Being an introvert didn't help; it was an inhibition to reaching out and making connections. While I was good at the "hard skills", I lacked the "influence" and "rapport" that Product Managers so often leverage. This limitation showed up more often and more severely when the products grew in complexity and involved cross-team dependencies. I often found myself in situations where I was left out of key product discussions, and stakeholders were confused about who to reach out to for guidance on product decisions.

I followed a two-pronged approach to overcome this limitation - developing product thought leadership and taking tactical actions to build trust. Grooming thought leadership is a gradual but effective way of showcasing yourself as a proficient Product Manager and goes a long way in building trust. Tactical, repeatable actions are even more important in overcoming any inhibitions that you may face in building relationships. I started setting up working group meetings that included cross-functional stakeholders; I reached out to sales and offered to join them for roadshows and customer calls; I participated in "a day in the life of" sessions and spent time with support, operations, and accounting. These tiny steps helped a lot in building the rapport and leverage that I needed. I continue to practice these tactics even today!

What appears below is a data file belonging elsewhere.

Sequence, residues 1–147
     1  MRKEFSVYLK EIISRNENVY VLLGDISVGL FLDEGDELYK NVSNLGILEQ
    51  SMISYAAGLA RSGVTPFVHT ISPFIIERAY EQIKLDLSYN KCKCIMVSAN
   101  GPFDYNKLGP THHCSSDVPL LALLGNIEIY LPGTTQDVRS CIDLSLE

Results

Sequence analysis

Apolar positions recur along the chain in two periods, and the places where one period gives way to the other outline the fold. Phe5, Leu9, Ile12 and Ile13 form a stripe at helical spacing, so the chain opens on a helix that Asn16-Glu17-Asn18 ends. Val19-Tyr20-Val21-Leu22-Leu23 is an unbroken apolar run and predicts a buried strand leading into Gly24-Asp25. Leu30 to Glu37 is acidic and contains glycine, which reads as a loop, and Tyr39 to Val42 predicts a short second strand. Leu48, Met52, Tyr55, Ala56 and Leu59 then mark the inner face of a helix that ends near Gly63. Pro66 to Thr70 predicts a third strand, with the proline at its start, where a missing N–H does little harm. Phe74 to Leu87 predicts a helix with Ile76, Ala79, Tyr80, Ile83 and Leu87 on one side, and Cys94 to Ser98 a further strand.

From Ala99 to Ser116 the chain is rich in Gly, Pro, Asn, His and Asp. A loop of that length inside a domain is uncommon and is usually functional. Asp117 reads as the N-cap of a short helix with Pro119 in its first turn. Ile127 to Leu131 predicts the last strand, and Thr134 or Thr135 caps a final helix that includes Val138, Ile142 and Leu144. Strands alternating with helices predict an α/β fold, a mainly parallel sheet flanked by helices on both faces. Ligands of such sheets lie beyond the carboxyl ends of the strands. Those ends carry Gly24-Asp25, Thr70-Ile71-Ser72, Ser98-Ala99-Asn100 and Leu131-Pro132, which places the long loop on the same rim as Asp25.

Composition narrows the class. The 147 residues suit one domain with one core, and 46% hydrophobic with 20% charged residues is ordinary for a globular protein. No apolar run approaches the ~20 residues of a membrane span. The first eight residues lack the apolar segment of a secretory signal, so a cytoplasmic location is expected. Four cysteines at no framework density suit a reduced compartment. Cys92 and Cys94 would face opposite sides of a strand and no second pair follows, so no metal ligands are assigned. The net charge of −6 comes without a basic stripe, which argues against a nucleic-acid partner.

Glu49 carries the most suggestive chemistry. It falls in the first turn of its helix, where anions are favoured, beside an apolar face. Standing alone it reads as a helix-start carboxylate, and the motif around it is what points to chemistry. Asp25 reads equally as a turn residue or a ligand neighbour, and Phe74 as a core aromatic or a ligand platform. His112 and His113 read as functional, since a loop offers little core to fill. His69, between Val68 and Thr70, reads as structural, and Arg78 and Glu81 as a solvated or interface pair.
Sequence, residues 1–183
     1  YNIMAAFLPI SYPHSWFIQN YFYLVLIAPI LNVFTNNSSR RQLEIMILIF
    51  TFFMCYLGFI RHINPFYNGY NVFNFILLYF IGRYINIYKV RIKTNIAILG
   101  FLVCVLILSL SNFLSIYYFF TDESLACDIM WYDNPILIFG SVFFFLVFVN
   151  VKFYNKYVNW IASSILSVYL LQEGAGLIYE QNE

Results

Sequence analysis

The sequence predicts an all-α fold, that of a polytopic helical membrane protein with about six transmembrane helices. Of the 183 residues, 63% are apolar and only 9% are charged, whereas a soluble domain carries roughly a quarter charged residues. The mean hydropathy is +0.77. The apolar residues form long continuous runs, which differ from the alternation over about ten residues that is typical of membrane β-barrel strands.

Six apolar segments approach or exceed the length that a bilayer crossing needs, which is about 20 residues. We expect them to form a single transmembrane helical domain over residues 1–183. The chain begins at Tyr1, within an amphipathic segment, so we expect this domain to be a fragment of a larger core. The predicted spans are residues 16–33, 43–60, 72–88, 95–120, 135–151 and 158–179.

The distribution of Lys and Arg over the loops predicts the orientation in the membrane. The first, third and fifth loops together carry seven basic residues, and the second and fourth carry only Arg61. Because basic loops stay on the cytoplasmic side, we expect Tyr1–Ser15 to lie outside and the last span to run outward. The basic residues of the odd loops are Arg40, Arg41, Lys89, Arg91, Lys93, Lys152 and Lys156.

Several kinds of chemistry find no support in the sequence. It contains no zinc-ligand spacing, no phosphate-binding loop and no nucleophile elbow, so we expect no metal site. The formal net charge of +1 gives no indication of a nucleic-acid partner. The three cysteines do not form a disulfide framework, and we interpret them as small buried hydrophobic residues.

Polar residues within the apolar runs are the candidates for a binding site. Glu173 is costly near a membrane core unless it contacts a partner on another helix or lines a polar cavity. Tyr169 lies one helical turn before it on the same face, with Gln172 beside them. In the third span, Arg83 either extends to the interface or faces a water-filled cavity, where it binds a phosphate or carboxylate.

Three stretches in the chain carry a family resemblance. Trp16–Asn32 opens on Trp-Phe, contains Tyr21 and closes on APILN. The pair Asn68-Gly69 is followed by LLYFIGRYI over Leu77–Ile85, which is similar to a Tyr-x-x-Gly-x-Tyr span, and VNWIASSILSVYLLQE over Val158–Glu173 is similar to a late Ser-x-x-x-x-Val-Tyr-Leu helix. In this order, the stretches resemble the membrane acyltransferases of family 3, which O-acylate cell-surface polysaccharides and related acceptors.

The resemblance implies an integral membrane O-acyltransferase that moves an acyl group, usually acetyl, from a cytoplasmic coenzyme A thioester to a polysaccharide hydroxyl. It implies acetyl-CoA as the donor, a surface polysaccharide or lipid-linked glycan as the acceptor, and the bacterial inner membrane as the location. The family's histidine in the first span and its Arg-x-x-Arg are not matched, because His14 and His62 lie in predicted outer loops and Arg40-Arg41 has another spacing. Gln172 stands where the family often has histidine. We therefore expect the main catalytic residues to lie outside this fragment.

‍

What's one common myth about product management that you find common among aspiring PMs?

One misconception that I come across a lot among folks who've just started exploring Product Management is the notion that Product Managers need to have all the "next big" cool ideas.

While it's true that Product Managers operate in a space where they are more likely to come up with ideas that may resonate with customers, they aren't the sole (or even primary) source of product ideas. Good ideas can come from anywhere. Great Product Managers have the ability to spot, define, validate and orchestrate the execution of good ideas. I often emphasize that Product Managers own the "problem space", not the "solution space". Thus, more important than coming up with great ideas is to validate whether it's worth investing time and resources in.

‍

What are some common pitfalls that product managers must be aware of?

Misinterpreting opinions as evidence - Often, the opinions of "influential" stakeholders (the top bosses!) are misinterpreted as facts or evidence. One must always bring objectivity before accepting opinions and assumptions.